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Lethbridge Herald Newspaper Archives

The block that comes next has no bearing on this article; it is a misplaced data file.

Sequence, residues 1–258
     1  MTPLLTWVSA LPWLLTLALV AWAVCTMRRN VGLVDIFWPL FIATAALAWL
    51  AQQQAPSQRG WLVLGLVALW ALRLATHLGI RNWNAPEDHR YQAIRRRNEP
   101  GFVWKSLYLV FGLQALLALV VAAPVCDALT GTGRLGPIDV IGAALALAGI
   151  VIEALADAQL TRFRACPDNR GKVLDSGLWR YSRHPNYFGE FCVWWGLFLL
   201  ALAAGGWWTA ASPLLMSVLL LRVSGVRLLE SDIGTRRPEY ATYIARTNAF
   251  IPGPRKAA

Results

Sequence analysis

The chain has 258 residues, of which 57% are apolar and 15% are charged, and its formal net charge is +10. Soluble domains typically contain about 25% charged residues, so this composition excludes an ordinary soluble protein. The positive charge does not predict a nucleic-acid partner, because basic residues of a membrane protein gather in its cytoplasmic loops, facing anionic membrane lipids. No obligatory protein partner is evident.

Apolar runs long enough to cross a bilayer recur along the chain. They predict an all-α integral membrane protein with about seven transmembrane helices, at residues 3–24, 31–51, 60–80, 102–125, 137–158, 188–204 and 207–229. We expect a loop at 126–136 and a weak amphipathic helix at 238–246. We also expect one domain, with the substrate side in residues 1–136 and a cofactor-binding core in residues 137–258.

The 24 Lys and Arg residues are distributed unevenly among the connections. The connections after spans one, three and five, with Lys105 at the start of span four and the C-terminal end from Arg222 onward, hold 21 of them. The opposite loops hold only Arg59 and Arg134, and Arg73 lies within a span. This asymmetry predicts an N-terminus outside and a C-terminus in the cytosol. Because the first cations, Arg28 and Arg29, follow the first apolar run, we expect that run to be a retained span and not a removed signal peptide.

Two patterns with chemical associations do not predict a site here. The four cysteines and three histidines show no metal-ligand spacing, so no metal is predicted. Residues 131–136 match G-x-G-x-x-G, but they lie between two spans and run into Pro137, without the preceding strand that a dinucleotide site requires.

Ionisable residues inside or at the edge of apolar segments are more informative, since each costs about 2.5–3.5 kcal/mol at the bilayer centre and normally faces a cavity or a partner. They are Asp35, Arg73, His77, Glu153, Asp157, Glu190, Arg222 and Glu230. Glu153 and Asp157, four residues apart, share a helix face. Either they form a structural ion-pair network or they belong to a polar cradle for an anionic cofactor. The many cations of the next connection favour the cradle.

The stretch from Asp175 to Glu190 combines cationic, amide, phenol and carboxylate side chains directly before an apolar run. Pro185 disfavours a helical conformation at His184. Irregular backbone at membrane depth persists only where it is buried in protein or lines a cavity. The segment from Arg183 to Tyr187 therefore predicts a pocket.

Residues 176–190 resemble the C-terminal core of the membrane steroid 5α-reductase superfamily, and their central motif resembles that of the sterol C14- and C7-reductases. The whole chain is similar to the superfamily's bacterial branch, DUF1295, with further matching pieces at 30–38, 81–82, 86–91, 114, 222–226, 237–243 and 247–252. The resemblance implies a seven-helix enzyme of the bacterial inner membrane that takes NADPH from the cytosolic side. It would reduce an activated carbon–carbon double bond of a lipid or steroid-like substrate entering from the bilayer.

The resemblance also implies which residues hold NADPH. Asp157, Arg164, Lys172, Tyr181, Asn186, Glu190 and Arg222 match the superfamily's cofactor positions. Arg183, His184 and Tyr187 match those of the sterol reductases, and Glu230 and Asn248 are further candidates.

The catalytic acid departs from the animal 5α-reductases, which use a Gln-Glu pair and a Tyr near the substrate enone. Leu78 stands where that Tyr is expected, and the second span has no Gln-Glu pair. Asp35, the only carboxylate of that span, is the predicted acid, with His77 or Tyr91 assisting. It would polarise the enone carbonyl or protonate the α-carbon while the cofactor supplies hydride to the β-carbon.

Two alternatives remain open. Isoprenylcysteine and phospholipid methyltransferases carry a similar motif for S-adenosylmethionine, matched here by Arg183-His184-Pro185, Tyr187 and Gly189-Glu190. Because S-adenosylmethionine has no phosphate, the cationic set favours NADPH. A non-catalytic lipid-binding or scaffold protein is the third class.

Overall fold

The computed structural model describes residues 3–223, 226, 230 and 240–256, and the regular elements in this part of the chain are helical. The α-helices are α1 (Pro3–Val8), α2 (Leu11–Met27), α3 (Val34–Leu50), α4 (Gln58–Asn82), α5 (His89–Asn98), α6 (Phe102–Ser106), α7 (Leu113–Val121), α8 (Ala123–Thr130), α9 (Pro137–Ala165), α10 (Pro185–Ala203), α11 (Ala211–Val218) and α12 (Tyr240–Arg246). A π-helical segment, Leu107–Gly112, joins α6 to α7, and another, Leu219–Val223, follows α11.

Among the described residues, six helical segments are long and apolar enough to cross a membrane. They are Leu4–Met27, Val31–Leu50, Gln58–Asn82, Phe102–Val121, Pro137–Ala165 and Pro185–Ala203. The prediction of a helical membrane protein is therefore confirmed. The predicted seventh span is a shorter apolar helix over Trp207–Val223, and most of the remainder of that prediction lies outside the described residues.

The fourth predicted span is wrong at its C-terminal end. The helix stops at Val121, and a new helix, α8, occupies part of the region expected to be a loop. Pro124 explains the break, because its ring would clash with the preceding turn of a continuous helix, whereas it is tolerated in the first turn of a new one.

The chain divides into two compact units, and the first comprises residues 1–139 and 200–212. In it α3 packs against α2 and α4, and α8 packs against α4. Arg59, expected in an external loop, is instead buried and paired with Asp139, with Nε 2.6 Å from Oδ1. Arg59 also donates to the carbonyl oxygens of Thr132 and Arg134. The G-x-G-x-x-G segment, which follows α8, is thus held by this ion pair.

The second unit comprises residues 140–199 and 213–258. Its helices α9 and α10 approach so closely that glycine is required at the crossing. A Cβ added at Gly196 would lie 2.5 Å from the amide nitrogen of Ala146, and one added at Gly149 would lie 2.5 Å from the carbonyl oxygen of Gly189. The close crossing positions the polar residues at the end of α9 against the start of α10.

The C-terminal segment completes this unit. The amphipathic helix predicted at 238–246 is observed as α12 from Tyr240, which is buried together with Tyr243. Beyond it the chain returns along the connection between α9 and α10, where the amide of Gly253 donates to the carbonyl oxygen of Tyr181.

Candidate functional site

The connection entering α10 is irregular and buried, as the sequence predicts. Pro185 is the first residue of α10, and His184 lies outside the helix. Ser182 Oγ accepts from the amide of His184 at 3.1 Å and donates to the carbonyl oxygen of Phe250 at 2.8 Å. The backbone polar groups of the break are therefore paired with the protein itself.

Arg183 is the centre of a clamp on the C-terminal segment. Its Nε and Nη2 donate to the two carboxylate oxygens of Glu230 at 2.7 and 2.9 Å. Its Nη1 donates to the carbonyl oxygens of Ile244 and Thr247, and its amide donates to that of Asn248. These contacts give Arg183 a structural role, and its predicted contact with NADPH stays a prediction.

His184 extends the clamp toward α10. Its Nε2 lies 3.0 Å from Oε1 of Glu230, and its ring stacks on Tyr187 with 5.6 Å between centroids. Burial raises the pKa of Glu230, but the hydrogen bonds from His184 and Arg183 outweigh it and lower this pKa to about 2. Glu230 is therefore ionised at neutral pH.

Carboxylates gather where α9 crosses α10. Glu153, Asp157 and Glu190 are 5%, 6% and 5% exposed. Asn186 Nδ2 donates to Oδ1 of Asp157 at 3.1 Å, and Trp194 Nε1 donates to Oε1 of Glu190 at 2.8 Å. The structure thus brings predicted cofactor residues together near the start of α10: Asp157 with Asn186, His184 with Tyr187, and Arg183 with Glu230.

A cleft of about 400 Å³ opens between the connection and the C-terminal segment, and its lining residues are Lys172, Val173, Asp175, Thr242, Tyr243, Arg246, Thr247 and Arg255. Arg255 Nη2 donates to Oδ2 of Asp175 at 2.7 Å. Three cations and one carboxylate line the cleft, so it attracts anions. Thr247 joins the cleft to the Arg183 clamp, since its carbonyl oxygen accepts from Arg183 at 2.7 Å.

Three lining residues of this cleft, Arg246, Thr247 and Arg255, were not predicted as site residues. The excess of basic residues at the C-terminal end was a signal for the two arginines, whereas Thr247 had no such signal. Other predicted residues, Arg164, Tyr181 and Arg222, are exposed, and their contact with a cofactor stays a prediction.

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Lethbridge Herald (Newspaper) - November 27, 1918, Lethbridge, Alberta is Costing Mud) iMore :f;;;Now-All Increase Going i To Producer �"IE the people of i^thbndBO oiily i3ali;!ed Uiat 320 quarts of milk n day ^re being shipped in from north ot Gftlgary to meet tho demand, because so many local dairies bavc been torc-out of business by lev prices, they would know that there was some good cause for the announced increase iu fhe^ price of jnillc."-. -This, from W. J. Uoyd of Lioyd and Ucvine, one of; Oie largest milk producing firms iii;the'district, is one of IMPORtANT LINKS Hygiene, rest, pi�e air^ sxinshine and a well-bal&nced diet,'plus SCdTt'S EMULSiaN ia improve the blood-quality, uicrease body-weight and build np resistance, are important links in the logical treatment of incipient pulmonary affections. To a child or adult with a tendency to weak lungs or tender throat, Seott'g brings a wealth of rich -Jonic-nourinhment * i A little of 5eMf>�malnim tsdar may do jon a worM of SeotUkBowae, Toionto. 0�L IS-IS GAS ON STOMACH SOUR STOMACH INDIGESTION HEARTfiKRN iBttantly Relieved by the fti-gumpnts used by him to show that the latest boost in tho price of milk to 17 cents a quart is quite justified. Mr. Lloyd declares that the whole of the latest increase" goes to the producers, none going to tho retailers, who are niaJciug no more money than they were previously. Following are some of tlie price increases quoted by Mr.'Lloyd ns being responsible tor the increase in,the price of milk: Alfalfa, now 52.i a ton ii\ stack, a year ago" $13 a ton in stack. Bran, same. Malt, now $20 a brew, a. year ago $,'5 a brow. Wages, now ITS and board, a year ago $45 and board. A year ago the milk producers wore receiving $2.50 per hundredweight for milk. Today they are receiving $4.50. Those prices are for milk delivered in Lethbridge. a premium or discount being allowed, depending ou the percentage of butterfat in the milk. Root Crop n Failure. MrrLloyd also pointed out that the root crop, this year was a failure, with the result that expensive feed must be purchased to make up fo:o this loss. It is one of tJie practices of daio' concerns to veal their male calves. I The price of these has dropped with ! the price of beef, and another loss has to be reckoned with. The case of one local dairyman who. before the increase in the price of milk was feeding his cows at a daily cost of 70 cents a day and receiving in return 52 cents worth of milk was instanced. "It is either a caijo of tho dairymen getting enough money for their product to keep tliem in business, or ot selling out the herds and going into a more lucrative line," said Mr. Uoyd. Already six dairy bams stand empty in the district, evidence that the dairy business has not paid in the past. It is not right to expect the dairy man to lose �U the money. Better for 10,000 people in the city to pay a few cents extra each and keep him in business. . Those 80 gallons of milk being skipped in each diy from the north should all be produced right here. It would be-better for the district." Mayor Hardie said this morning that he had not yet been asked to investigate, milk prices as the council has a right to do, but he had been thinking of.asklng the councit to do so. However they would gather some facts as to production costs first. It would be a bad business to drive tbe tlaii-ymen iilto'qulttin^.  IN 5 CHAIN TABLETS ANDPOWDER FORM i BISURAT^ MAGjJeSiA! is a Magnesia' compound espejjially:" prepared for the safe, speedy/aiidciertain-correction of dangerous stomach a'cidiifc-. It comes only in the form of five grain tablets and powder in sealed blue packages. Do not confuse with � commercial magnesia, milk of mag-neslfr or citrate of niagneaia. Look for the: [word BIStlRATBD and get th?) gefiiiine Auctiofieer. Phone 1692, Reference-Those from whom I have been favored with sales. Application is being made today hy tho Lethbridge Rotar.v Club for a charter for the Bank of Monte Carlo, capitalized at $2,500,000 through which to transact the business of tho Victory Dance Carnival on Dec. 12, 13 and 14. This news will indicate the gigantic task the,Rotarlans have undertaken, and indicates that there will be at least $2,500,000 worth of fun at tho big doings. The new bank will also bo tho headquarters for Santa Glaus when-he arrives from the frozen north. Ho will circulate between tho bank and the Christinas Treo where he intends to keep his stock of good things for the Kiddies. Santa Clans is making a special trip to Lethbridge on Saturday, Dec. llth owing'to the heavy load his reindeer will be required to carry on tUjU occasion. Seven hundred kiddies expect to see him arrive. Arthur Baalim who is now in commvmication with Santa was first thinking of bringing him down from the North Pole by airplane, but it was decided to stick to the old reliable reiiideer so that the kiddies would know when he arrived. SaiitA Claus is ot course most concern^ about the boys and girls but the dub has arranged for him to give a good time for all those who attend the carnival. At present indications tliat will be at least lOOO each of the three nights. * � ? SIBERIA SOMEWHAT > *: LIKE CANADA. > > * : > t ? > .-point8 dt- re-, semblance. Iu physical and geographical features they have much in common, and this likeness ;ih naturally reflected to a large extent in the fauna and flora of the two countries. Both ' countries ;;are the, reservoirs of food and raw .materials' for great Empire^;- , Both � have uncounted wealth in'titieir mfneral resources and.both the richeS' of thelt, forests and streams are incalculable;" although in both lauds the real wealth lies in the "black earth" of the steppes and prairies. The settlers of Siberia and Canada have both had to face peculiar hardships and suffering as pioneers of their new domain. Climatic conditions have been a barrier to rapid development in both ^countries Politically each country, has developed along the lines of local self-government wtih central Parliaments and the final say in matters affecting its national destiny left to the supreme governance of the Empire. Siberia-the Russian Siblr- is a vast territory of abcftit five and a. half million square miles, and supports a population of about fourteen million persons. It is bounded in the west by the Ural Mountains, iu the north by the Arctic and Pacific Deeans, and on the south along the Tarbagatai range and the Chinese frontier to the edge of Korea.. Much of its geography is still imperfectly known, especially in the uninhabited hilly tracks. , Siberia can. roughly be divided into three east and west zones. Of these the "tundra." the most northerly, is practically a treeless v belt, with perpetually frozen subsoil, the upper layers forming a vast swamp in the summer. Nest comes the "taiga" or forest belt, mountainous over a large portion of its area and thickly wooded with poplar, spruce; birch and alder. To the south lies the more open or agricultural belt, with an area suitable for cultivation two and a half times the size of France. Through this runs the great Trans-Siberian railroad from Vladivostok on the "Pacinc Ocean to Tchelyabin.sk, a distance of approximately 4,000 mile.s. This is about one thousand miles more than the distance from Montreal to Vancouver, although, on the other hand, while the total mileage ot the railways of Canada is approximately 36,000 miles, the total mileage of the Siberian railways is not more than 8.000. Vladivostok, where It i.s expected the Canadian overseas force will land, is a modem city in every respect. Situated ou the tip of the Golden Horn, it is fringed with forests of oak, birch, maple, walnut and lime, beneath, which Is a rich undergrowth of the moat varied shrubs. The annual mean temperature is only 40 Kahr., but the gulf itself never freezes, although  a thin crust of ice forms about December and does not disappear until April. In industry, population and location, Vladivostok m^y be compared with Prince Rupert, although it is considerably larger tBan the British Columbia port, but in the raodem-ness of the two places there is no comparison. A magnificent cathedral, a museum, observatory, naval hospital and an Oriental , Institute lift "Vladivostok at once Into the rank of the world's cltlee, w'nile the shops of its well laid-out streets and boulevards contain the latest novelties from Paris, London, New York and Tokio. WEDNESDAY, NOVEMBER 27, 1918 THE LATE ALEX. ADAM One of the best known Lethbridge boys to make the supremd sacrifice in France was the lute Pte. Adam who was killed on Sept. 3Sth last. Alex. Adam was for year^5 a resident of the city, and was employed wltb McKen-zie ib Co., electricians. He enlisted with the 13th mountod rifles three years ago last spring. He went overseas in June, 1936, am) when the 13th was split up, ho transferred to the signalling corps, being sent tO'Franco early iu 191S. He was a splendid type of young man, and is mourned by a host of friends. His parents are at present resident in Coalhurst. They have received the following comforting letter from Lieut. Ismay, of Pte. Adam's company: Frauee, Oct, IS. , Deal- Mr. Adam: Before you get my loiter you will have heard the sad news that your son, Pte. J. A. Adam, was killed In action on Sept. 28. I wish I could give you more inforrha'-lion, but all that is known is that your sou was killed by a shell splln-,j ter while he was advancing in the attack that day. 1 am glad at any rate that your son did not have to suffer, wounded, before his gallant death, which I hope will give you some comfort. Your sou was a gallant soldier and lost his Iffe in the fulfillment of his duly and in action. . His death is deeply regretted by his officers and fellow men, all of whom join with me In deepest sympathy for your great loss. I Yours very sincerely, C. D. ISMAY, Lt. MOTHER AbOPTS HER OWN SON Spokane.-Mrs. Kmil Jonbs adopt-'] ed her 3-year-old son, John Frederick Green yesterday ancl had his name changed to Jones iu order it might correspond to hers. Mrs. Jones made affidavit that her flbii �w'^as horn lifter Bhe divorced her former husbaind. The affidavit further stated that a short time after the boy's birth his father died. Later she married Mr. Jones. Judge Hurn slsiietl- order ot adoption. CONTINUES ESPIONAGE . .pARIS, Nov. 27.-(Havas)-Prince von Feurstenburg, the Austro-Hungar-ian ambassador at Madrid, it is reported from the Spanish frontier, has advised the Spanish goventment that ho considers his mission as ended. Ou the other hand, the German government-has informed Madrid that Prince vph, Ratibor will remain as German amhassador with all his staff. The I'omps says that among tlie members of the ISerman ambassa-(Jor.'B staff is Major Kalle, the military attache, v.ho continues his propaganda and espionage work. HOW MANY BEANS IN THE JAR? The Hudson's-'Bay -Co', is giving away a $100.00-Victory Bond for the nearest estimate. k CID DOESN'T LAUGH AND PLAY Look, Mother! Is Tongue Coated, Breath Feverish and Stomach Sour? _-.^a"-" � ' � '. � � "California Syrup -6f ' Figs" Can't Harm Tender Stomach, Liver,' Bowels. Though officials of tUo company have not received word ns yet, the freight handlers at Lethbridge, along with those at Winnipeg, Calgary, Vancouver and Medicine Hat, aro to receive thOsaicAdoo award as from May 1st. Thia^is the final settlement ot the freight handlers' strike as fixed by Uie railway war hoard at Montreal. Tho company granted the McAdoo award as from ^ept; 1, so that the war , board gave the" men tho benefit of four months ajldilional under that | schedule. The war board also ordered that the 25 men designed by the company at Calgary should be given their old places again. 10 ACCEPT DAY U.S. One re.sult of the amalgamation of the Postal and Western Union telegraph systems iu the United Stales uudor government supervision is that, after Dec. 1st, the C.P.R. telegraphs will accept day lettergrams for United States points. This is a new de-tiarturc. It is understood the board of trade will shortly take up tiie question of direct connection with the "Western Union wires through Sweet Grass, giving, direct connection via Jlontana to eastern States points. ^ IS SAFE, HALIFAX, N.S., Nov. 27.-The steamer Enterprise, reported as lost earlier in the week, is safe at Souris, P.B.L Purity Plus Each ingredient in Ivory Soap Is the best of its kind. It contains the most expensive vegetable oils. Yet the makers are not satisfied until all materials are so thoroughly refined that not a particle of foreign matter remains in the finished product. This is why you cannot procure a purer, milder or better soap than IVory. IVORY SOAP PURE Made in the Procter & Gamble factories at Hamilton, Canada Canada has grown 1,500,000 mor� barrels of ai)pleB i'ils year than Ic-.t A laxative todf^y.saves a siek child tomorrow. Childi'en simply will not tako the time fr6m play to empty their bowels, .which become clogged up �with waste, llvcp gets sluggiBh, stoni-ach sour. ! ' Look at the t6ngue, mother! If coated, or your child Is listless, cross, feverish, breath bad, restless, doesn't eat heartily, full ot cold, or has sore tliroat or any other children's ailment, give a teaspoonful of "California Syrup ot Pigs," then don't .worry,. because it is perfectly harmless, and iu a few .hours all this constipation poison, sour bile and fermentlug waste will gently move out of tho bowels, and you havo a well, playful child again. A thorough "Inside cleansing" is oftimes all that lis necessar}-. it sliouJd be the first treatment' given In any sickness. I Beware of counterfeit fig syrups. ' Ask your druggst for a bottle of "California Syrui) of Figs," which has full directions for liables, children ot all ages and for.R/'Bwn-ups plainly printed on the bottle. Look carefoUy and aea that it is made by the "California TUt Syrup Company."-Advert. Auction Sale OF I Live Stock, Farm Implements, Furniture, Etc. 4 JIIIIIIIHIiltlWIIIIII 1 have been favored witli instructiqiis �rom MR. W. H. JENKS TO SELL BY PUBUcilJCtlON#^ 33-10.22^4TH Five MUes East of Jioilefor4;?Eigfo^^^^ .3 AT 11 O'CLOCK SHARP One Bay Percheron Stallion, eight years old, 1,600 pounds. One Team Grey Geldinos, seven .and eight years old, 2,700 pounds. ' ' One Team Bay Geldings, four and eight years old, 2,600 pounds. One Team, Mare and Gelding, four-year-olds, 2,500 pounds. One Team Mules, seven and eight years old, 2,200 pounds. One Gelding, nine years old, 1,400 pounds. I One Bay Gelding, four years old, 1,100 pounds. One Roan Gelding, nine years old, 1,000 pounds. One Bay Filly, three years old, 1,300 pounds. One Bay Gelding, two years old, 1,000 pounds. One Spring Filly, six months old, One Durham Bull, three years'old. Eight Fresh Cows, very choice and young. Six Cows, fresh be/ore January Ut. Six Cows, fresh in spring. Two Two-yeaV-old Heifers. Three TwO'year-old Steers. Six One-year-old Steers. / Four One-year-old Heifers. Four Olives, three Brood Sows, 20 Store Hogs, One International Gas Engine, 15-25 h.p. One Challenge U. S. Separator. 12-24. One Aultman Taylor Separator, 27-42. One Five-bottom Stubble P. & O. Engine Cang. One McCormick Binder; one Massey-Harris Binder, new. One Msissey-Harris Drill. 20 marker, double disc, new. ^ One Van Brunt Drill, 20 marker. One 16-di8c Harrow, in-and-out throw. One Two-section Harrow, one Harrow Cart. One Oliver Gang Plow, 14-inch, One John Deere Gang Plow, 14-fnch. One One-furrow Sulky Plow. One P. & O. Campbell Packer, 24-wheer. "One Deering Mower. One Imperial Feed Grinder, 12 bur. One 1J4-h,p, I. H. C. Engine Pump and Jack, One 10-barrel Water-Tank and Truck. ( One 125-bustiel Grain Tank and Gear, complete. Two Wagons,' complete with bundle racks. Five Wagons, complete with grain boxes. One Buggy, one Fanning Mill. /Ten Sets Double Work Harness. Two Saddles, one Platform Scale, One Cream Separator, one Churn. Pne Range, one Washing Machine. Beds, Dresser, Tables, Chairs, etc.; numsroua other articles too numerous to mention. TERMS-12 months' credit, on approved joint-note, 8 per cent, interest, 5 per cent, discount for cash. - i^i .......^ / . , . This is one of thejinest lierd of milch cows in this country. Come early, we must start in time, the days at-e short. - - - ' FREE LUNCH W. H. JENKS, OWNER GEO. P. PORTER, AUCTIONEER 957?68 1511 ;